We can also say that the known is the world made in the image of the knower. The knower is also non-duality in the sense that cruelty is within kindness and kindness is within cruelty. By the cruelty within kindness, a spiritual world of unmitigated pleasure is created. By the kindness in cruelty, a material world of minimized suffering is created. Minimized suffering is also non-duality just like unmitigated pleasure because opposites are within each other. They are different because kindness is dominant in the spiritual world and it subordinates cruelty, while cruelty is dominant in the material world and it subordinates kindness. The spiritual world is for the rewarding of the superior choices while the material world is for the punishment of the inferior choices.

The numerous worlds expanded from the Supreme Truth are reflections of different aspects of the Supreme Truth. Hence, we do not separate matter from God. Matter is simply aparā or inferior, while spirit is parā or superior. Science-religion separation is false, just as calling religion faith is false. All the aspects of the Supreme Truth are therefore not equally preferred although they are aspects of God. Thereby, God has many natures—from the innermost to the outermost natures. The innermost is the most preferred or superior nature, while the outermost indicates the least preferred or inferior nature.

The distinction between knower, known, and knowing, the many aspects within the knower, known, and knowing, and the prioritization of aspects within knower, known, and knowing constitute a single axiom that is simultaneously infinite things, and by combining these aspects, infinite experiences are created. An axiom within logic is only one thing, but the axiom in Vedic theology is simultaneously infinite aspects. Inference with one axiom cannot produce diversity, but inference in Vedic theology produces infinite diversity. Inferences in logic cannot produce contradictory conclusions, but inferences in Vedic theology produce contradictory realities. This is why any attempt to use logic to understand Vedic theology is flawed. It doesn’t mean these inferences are irrational. It just means that this rationality is based on aspected possibilities, the choices of combining these possibilities, and the infinite variety that emerges from infinite choices of combining infinite possibilities.

The soul is a part of God’s reflection in the mirror. But if the soul suffers, then God doesn’t suffer, because the soul is a part of the reflection, not the person outside the mirror. The soul suffers because of its choices and the associated responsibility delivered by the mirror. The reflected parts are not independent of the reflected person, but they inherit the basic attitude of the reflected person to see the entire world as their own reflection. That attitude in the soul is called the soul trying to be God. For example, in the reflection, the ear of the reflected person may want to shape the rest of the reflection in its own self-image—namely, convert everything into an ear. When that happens, the mirror warps to restore the ear back to its original state of being the ear—as the reflection of a part of the reflected person. That warping seems like “evil”, but there is kindness in the cruelty because the punishment is minimized to the least amount of punishment necessary for the soul’s correction.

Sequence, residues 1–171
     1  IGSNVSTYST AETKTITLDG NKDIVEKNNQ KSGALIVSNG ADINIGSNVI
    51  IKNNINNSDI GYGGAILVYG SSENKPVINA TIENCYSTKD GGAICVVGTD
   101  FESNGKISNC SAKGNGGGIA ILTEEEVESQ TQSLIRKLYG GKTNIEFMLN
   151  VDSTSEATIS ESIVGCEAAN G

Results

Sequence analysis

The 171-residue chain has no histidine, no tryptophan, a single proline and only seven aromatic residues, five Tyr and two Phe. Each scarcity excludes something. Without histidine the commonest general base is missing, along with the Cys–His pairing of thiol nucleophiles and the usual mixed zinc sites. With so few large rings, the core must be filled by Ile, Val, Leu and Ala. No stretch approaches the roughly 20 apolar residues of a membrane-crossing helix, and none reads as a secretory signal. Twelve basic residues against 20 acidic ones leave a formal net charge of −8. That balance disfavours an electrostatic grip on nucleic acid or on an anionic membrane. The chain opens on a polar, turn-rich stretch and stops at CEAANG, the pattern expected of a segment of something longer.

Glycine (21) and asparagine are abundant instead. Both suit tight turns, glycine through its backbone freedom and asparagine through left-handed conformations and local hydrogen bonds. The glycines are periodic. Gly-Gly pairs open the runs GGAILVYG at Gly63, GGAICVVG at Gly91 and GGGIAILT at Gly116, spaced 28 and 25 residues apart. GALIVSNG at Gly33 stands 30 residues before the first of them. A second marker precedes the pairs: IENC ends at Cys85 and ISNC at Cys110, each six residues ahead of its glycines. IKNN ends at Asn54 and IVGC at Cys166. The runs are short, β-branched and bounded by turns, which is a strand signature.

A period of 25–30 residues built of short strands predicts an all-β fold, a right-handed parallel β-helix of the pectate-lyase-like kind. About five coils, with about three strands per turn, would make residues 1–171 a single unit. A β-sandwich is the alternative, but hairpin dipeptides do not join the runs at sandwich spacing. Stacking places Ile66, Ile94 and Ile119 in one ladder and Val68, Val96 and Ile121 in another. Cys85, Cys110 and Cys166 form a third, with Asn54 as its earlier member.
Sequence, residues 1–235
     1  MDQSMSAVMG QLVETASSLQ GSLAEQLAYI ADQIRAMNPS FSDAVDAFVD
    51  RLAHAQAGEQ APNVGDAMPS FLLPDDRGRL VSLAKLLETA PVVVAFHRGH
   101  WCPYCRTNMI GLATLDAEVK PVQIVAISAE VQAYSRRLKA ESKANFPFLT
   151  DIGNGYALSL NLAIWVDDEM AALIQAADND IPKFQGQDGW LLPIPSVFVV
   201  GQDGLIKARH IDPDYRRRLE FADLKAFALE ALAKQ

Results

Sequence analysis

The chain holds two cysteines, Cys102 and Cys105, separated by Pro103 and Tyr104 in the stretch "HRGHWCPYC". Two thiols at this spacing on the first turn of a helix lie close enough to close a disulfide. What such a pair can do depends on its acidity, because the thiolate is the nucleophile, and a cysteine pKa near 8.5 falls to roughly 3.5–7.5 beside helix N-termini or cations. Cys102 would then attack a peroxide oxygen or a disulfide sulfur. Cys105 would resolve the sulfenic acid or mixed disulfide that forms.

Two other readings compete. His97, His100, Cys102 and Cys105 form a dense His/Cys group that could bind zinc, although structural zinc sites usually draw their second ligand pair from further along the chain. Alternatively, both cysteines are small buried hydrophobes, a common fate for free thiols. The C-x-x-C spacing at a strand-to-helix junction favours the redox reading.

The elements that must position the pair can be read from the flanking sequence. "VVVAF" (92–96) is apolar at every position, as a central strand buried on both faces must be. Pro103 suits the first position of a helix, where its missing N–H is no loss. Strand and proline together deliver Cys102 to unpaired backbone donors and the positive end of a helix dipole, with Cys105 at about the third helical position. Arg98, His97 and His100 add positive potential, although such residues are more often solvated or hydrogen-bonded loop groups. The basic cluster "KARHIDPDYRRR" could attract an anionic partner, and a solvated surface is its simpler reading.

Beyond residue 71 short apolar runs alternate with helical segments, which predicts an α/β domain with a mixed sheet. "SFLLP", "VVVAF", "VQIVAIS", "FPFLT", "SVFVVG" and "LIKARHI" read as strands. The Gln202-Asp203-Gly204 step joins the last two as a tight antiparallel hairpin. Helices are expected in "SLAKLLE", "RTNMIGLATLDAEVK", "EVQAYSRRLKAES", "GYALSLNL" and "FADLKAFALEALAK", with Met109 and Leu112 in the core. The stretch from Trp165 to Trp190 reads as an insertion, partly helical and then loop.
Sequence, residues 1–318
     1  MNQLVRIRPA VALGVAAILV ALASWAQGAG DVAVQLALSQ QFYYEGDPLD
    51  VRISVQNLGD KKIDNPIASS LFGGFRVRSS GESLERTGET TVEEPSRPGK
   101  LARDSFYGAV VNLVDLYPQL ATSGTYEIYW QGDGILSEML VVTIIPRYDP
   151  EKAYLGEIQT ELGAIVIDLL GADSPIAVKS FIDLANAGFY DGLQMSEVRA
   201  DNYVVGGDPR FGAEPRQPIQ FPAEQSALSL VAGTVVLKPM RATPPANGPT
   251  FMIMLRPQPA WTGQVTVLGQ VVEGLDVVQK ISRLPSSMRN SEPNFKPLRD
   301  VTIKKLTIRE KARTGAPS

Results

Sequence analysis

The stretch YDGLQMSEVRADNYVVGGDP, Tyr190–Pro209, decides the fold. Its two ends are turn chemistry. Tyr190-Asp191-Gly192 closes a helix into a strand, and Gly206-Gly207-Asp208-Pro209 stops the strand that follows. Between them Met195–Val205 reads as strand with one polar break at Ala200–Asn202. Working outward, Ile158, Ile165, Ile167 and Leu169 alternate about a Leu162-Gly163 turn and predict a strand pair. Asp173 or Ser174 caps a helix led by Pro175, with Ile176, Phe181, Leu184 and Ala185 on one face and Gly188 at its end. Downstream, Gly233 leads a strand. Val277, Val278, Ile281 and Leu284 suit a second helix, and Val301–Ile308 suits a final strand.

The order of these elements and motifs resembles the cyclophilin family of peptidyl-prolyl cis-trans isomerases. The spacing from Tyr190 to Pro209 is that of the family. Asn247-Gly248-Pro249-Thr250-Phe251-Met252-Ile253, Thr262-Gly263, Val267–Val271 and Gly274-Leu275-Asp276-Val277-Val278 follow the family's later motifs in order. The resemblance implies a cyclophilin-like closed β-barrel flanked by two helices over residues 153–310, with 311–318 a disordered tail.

Logic entails that a soul could not be anything else due to necessity. Rationality indicates that there is a choice by which one thing can try to become something else but it is irrational to do so. That irrational choice is corrected by putting the soul in a world that contradicts its nature. For instance, if the ear tries to become an eye, then it would be put into a world where it is subjected to the demands of being an eye, and the ear realizes that fulfilling the demands of an eye is not what it really wants. He then prefers to remain the ear. The attempt of one thing to become something else is forbidden by logic. But rationality permits the choice and then reverses it by showing how the soul’s choice to be something other than what it truly is, is inconsistent with its nature.

Logic forbids self-inconsistency out of necessity. But rationality allows self-inconsistency of a soul trying to be something other than what it truly is, and then corrects it by subjecting it to the duties, demands, and responsibilities of being someone else, whereupon the soul realizes the irrationality of his desire. The soul thus has a svarūpa or innate nature. Even if it tries to become something else, it realizes the errors of its ways when it is subjected to the demands of being someone else. Thereby, self-inconsistency is forbidden by logic but allowed temporarily by rationality. Everyone can “experiment” with the truth of their nature by trying to be someone else than what they are, and then realize that they don’t enjoy being someone else. The experimentation with different self-natures and the subsequent realization that the experiments are inconsistent with the eternal and intrinsic nature is self-realization.